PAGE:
The first commercial flights of a programme that uses Iris satellite technology to help modernise air traffic management and reduce carbon emissions have taken place
The ground-breaking Iris programme, led by ESA and communications company Viasat, digitally connects pilots with air traffic controllers, via satellites, enabling the more efficient routing of flights. As well as saving time, it is predicted that, through reduced fuel burn, carbon dioxide emissions could be cut significantly. This will contribute to the aim of reaching net zero carbon emissions by 2050, which ESA aims to accelerate through working with partners to deliver tangible and measurable contributions.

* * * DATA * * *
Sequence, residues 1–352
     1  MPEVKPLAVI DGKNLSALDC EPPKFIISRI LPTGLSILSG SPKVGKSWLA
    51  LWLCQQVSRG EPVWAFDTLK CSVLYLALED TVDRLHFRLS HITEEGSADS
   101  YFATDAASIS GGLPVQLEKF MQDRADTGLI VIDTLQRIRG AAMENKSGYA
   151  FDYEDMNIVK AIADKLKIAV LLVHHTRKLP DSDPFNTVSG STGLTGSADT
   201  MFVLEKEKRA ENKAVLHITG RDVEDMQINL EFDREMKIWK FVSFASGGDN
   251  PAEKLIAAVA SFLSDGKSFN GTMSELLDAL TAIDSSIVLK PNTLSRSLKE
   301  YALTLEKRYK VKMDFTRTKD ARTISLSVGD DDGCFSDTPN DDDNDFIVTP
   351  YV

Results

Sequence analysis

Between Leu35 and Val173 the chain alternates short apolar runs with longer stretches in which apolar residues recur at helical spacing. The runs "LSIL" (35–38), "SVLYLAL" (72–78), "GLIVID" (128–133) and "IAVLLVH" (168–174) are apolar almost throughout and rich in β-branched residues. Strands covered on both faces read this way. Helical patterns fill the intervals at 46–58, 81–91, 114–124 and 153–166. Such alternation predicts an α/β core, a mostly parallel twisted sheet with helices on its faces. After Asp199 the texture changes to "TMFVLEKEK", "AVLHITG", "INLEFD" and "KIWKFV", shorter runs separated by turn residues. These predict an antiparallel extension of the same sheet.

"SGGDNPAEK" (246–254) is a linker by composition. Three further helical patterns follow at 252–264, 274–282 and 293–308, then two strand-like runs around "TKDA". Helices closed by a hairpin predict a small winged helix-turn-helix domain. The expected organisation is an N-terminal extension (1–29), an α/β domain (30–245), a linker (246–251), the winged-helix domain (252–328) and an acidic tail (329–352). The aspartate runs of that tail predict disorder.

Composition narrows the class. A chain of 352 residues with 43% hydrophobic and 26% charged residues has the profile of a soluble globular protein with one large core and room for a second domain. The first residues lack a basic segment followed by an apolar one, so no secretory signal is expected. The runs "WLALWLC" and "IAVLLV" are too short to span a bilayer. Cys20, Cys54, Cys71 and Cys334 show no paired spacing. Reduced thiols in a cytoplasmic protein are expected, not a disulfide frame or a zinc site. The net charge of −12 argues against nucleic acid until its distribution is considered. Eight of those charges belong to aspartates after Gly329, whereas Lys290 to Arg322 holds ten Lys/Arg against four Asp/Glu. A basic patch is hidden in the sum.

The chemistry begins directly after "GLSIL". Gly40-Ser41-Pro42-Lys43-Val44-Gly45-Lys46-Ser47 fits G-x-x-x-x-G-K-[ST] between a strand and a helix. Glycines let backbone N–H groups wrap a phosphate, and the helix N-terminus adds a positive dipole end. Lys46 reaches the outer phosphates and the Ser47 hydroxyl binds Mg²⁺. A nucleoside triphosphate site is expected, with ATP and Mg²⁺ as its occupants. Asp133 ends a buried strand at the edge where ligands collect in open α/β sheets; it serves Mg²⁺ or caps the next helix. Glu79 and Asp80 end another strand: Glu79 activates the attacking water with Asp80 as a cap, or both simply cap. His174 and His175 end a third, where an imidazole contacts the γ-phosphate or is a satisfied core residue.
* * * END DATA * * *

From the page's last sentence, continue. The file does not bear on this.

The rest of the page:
Several airlines are in the pipeline to sign up to use Iris, and easyJet was the first airline to make an inaugural flight using the technology on its Amsterdam – Milan route. Iris will continue to be rolled out by easyJet, with more aircraft being equipped with the technology during 2024.
By using satellite communications, Iris provides secure, reliable and fast high-bandwidth links between pilots and air traffic controllers. This complements the current use of radio frequencies that are nearing full capacity in Europe’s congested airspace.